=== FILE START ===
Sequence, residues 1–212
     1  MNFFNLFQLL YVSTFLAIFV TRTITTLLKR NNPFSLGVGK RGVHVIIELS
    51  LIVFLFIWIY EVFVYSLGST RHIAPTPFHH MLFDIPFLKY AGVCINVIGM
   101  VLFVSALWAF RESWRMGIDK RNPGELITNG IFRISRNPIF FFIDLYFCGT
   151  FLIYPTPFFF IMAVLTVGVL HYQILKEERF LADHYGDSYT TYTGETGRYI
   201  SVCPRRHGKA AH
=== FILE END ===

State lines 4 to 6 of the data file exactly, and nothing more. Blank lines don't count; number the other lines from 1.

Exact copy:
   101  VLFVSALWAF RESWRMGIDK RNPGELITNG IFRISRNPIF FFIDLYFCGT
   151  FLIYPTPFFF IMAVLTVGVL HYQILKEERF LADHYGDSYT TYTGETGRYI
   201  SVCPRRHGKA AH